YORKVILLE — Construction at the Chapin School caused a flood that forced crews to shut off water to an entire block near the elite all-girls school — leading locals to blast the administration's "inept" response to ongoing issues related to the yearslong project.
Crews working at the school, which is expanding its 100 East End Ave. building by three stories as part of work scheduled to last until 2021, severed a private water line outside the school late Friday night, sending water gushing down 84th Street and East End Avenue, officials and residents said.
As a result, water had to be cut off to residents on 84th Street between York and East End avenues, according to neighbors and the city's Department of Environmental Protection.
The break happened while crews were drilling support for a tower crane, and water service didn't return to buildings on the block until Saturday morning and afternoon, the DEP and school said.
Chapin sent letters to neighbors when it was initially determined that the water would need to be disconnected, said a representative for the school, Anneli Ballard, adding that the water line was rerouted to ensure future drilling would not impact it.
The Department of Buildings issued a partial stop-work order for exterior work to Chapin for its "failure to safeguard utilities," according to online records.
The DOB met with the school's construction company Monday to review upcoming plans, and the agency was set to inspect the water line Tuesday, Ballard said.
Neighbors complained they were not alerted to the broken water line until 10:30 p.m. Friday, the latest in a series of shortcomings by school staff related to the construction.
"The school had an opportunity to try to do good in view of the water main situation, but they did not," said neighbor Cynthia Kramer, co-founder of Serene Green 84, a neighborhood watchdog group keeping an eye on the construction. “'Inept:' a simple word that can used to describe Chapin's latest response to their self-imposed fiasco."
Additionally, residents complained that they have been seeing large rats in the area since the spring and that the school has failed to increase its garbage pickups.
Neighbor Kevin Kusinitz said it is common to see rats scurrying out of the construction area and into flower pits outside adjacent buildings at night and early in the morning.
"Saturday evening, Aug. 5, we saw rats as big as cats coming from the Chapin alley next to the 533 co-op, and we saw a rat feasting on garbage spilling from one of the bags in the alley," said Lisa Paule, another co-founder of Serene Green 84 who lives next to the school, in an email. "We also saw trash inside their shed that could attract rats. They are not overseeing their cleanup effectively to prevent rats."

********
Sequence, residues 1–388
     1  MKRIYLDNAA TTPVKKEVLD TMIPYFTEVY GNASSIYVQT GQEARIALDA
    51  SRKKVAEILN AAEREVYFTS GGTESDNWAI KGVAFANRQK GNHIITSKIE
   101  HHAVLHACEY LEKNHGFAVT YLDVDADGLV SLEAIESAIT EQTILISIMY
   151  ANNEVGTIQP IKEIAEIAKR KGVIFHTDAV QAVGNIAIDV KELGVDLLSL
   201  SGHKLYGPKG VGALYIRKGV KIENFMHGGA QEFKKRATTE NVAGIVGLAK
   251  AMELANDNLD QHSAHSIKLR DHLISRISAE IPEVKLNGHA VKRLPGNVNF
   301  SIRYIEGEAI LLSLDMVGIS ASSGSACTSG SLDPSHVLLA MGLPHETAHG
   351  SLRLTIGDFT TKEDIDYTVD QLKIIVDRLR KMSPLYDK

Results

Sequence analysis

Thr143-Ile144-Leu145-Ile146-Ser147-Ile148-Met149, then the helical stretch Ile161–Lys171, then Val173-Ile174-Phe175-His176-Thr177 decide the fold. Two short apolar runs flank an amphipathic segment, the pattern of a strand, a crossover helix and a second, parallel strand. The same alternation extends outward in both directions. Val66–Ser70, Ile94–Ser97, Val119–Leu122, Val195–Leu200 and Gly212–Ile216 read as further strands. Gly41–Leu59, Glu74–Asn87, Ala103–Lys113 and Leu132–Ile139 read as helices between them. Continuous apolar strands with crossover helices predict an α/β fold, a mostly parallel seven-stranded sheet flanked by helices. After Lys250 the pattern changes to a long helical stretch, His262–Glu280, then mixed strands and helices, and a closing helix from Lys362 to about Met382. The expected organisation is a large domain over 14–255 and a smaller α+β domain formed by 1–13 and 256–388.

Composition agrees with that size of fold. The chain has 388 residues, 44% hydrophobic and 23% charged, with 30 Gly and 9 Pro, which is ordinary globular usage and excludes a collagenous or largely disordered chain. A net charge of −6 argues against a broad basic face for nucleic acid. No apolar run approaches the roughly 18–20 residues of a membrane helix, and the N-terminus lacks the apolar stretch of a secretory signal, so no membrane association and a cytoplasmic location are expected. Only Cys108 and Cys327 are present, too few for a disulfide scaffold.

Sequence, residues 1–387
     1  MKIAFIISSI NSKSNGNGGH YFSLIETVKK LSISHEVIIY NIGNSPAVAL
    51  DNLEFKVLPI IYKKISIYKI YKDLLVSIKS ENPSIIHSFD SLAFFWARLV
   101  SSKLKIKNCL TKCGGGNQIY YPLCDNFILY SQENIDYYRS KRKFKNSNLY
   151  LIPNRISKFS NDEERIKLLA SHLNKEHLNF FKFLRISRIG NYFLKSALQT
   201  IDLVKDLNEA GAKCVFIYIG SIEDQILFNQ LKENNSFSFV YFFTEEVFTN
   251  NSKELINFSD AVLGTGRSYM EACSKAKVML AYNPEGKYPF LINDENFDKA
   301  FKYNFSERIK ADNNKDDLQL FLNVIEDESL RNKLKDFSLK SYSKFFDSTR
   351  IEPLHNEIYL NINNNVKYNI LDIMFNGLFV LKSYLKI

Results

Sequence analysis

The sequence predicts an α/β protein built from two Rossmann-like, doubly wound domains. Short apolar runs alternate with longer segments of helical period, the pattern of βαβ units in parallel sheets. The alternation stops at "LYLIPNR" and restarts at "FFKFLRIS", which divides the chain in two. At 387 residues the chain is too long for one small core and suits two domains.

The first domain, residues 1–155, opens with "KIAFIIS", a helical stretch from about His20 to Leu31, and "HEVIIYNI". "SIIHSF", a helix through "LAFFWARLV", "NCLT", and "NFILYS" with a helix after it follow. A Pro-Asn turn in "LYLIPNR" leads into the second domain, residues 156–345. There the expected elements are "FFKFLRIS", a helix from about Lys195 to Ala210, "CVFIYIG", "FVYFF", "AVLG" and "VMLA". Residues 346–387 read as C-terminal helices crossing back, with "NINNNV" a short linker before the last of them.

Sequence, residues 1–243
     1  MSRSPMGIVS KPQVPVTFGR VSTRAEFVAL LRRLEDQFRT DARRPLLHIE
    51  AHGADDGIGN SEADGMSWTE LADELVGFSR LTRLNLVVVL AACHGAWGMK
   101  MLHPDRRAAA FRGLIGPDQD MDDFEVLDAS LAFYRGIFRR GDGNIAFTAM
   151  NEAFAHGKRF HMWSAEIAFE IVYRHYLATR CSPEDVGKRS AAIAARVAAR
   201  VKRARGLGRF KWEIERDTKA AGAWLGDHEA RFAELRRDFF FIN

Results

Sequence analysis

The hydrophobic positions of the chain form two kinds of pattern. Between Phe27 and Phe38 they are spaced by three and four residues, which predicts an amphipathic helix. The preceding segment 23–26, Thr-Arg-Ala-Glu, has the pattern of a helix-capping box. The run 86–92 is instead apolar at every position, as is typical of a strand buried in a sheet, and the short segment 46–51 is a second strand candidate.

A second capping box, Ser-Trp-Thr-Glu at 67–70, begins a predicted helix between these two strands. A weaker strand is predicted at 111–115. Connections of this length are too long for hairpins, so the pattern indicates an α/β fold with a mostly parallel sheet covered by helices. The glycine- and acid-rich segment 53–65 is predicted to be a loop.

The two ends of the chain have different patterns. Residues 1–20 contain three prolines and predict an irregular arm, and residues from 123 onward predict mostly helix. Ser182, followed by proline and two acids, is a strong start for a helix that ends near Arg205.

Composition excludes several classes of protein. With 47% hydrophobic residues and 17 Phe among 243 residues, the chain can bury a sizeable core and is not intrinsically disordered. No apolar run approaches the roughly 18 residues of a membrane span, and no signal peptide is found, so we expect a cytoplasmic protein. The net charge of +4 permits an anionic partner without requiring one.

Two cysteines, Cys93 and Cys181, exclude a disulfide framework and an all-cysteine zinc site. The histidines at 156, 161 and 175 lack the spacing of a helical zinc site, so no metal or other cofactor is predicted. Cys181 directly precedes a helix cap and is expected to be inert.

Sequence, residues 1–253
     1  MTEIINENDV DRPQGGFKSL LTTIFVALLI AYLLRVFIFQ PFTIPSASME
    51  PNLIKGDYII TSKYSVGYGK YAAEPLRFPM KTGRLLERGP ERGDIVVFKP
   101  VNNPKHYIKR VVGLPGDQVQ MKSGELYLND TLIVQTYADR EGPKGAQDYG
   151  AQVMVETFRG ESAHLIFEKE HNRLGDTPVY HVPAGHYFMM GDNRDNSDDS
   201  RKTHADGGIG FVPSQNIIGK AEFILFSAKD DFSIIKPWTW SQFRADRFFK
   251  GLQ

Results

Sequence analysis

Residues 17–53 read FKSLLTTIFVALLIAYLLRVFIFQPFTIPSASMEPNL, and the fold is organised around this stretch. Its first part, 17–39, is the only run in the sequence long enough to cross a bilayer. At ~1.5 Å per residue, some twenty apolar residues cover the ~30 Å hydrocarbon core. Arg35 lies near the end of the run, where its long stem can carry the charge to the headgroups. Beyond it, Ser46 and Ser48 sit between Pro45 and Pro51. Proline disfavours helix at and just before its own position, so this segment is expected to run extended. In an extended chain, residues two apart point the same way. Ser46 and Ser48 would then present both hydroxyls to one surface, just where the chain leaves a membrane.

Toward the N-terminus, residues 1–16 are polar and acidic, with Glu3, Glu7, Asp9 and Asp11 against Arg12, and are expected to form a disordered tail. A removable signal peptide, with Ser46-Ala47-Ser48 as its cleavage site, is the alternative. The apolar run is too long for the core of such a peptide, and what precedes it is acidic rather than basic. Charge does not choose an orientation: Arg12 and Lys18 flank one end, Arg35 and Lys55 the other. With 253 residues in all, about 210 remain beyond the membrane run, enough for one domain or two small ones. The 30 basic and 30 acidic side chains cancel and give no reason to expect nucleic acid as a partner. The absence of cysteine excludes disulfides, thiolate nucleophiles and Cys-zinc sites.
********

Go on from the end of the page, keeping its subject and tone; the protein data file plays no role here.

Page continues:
Ballard insisted that Chapin has coordinated efforts to keep rats away and in recent weeks has stepped up efforts to clear any and all litter from the area, including from its subcontractors.
"We have not had any rodent sightings or been made aware of sightings since these efforts have been in place, but understand that we must remain vigilant and must continually review and evaluate our practices to maintain effectiveness," she said.
The group has been going to the school's community meetings since 2016, but Paule said Chapin hasn't gotten better at responding to their concerns.
The entire project has been a hot-button issue in the neighborhood, with complaints over noisy construction to parking by construction personnel and the placement of the construction shed and crane.
The school currently has after-hours permits to work 24 hours a day from Aug. 8 through Aug. 21, though after-hours exterior work will only be done on Sundays, according to DOB records.
"The noise is constant during construction hours," noted Kusinitz, who said the bulk of the work takes place between 8 a.m. and 5 or 6 p.m., with construction happening five or six days per week. "That this is supposed to continue into, I believe, 2022 is a pretty awful thing to contemplate.
"Residents of 84th Street and East End Avenue warned the city that this construction was going to be a mess, no matter what Chapin claimed, but we were ignored," he added. "I don't think Chapin officials care because one, they don't live here, and two, as long as parents are willing to shell out big money for their children's education, they're going to do whatever it takes to increase the tuition."
Ballard countered that the school's community meetings have resulted in "many effective solutions" to issues that have risen since the start of the construction.
"We are extremely mindful of the fact that this is a complicated project, with many moving parts, and at each step of the way we have made necessary changes and incorporated important accommodations based on thoughtful community feedback," she said. "We know that construction is inconvenient for all, and continue to be grateful for the patience of our neighbors and the community at large. We will continue to work closely with the community, share information and incorporate their useful suggestions going forward."
The next community meeting at Chapin School is on Sept. 6 at 6:30 p.m.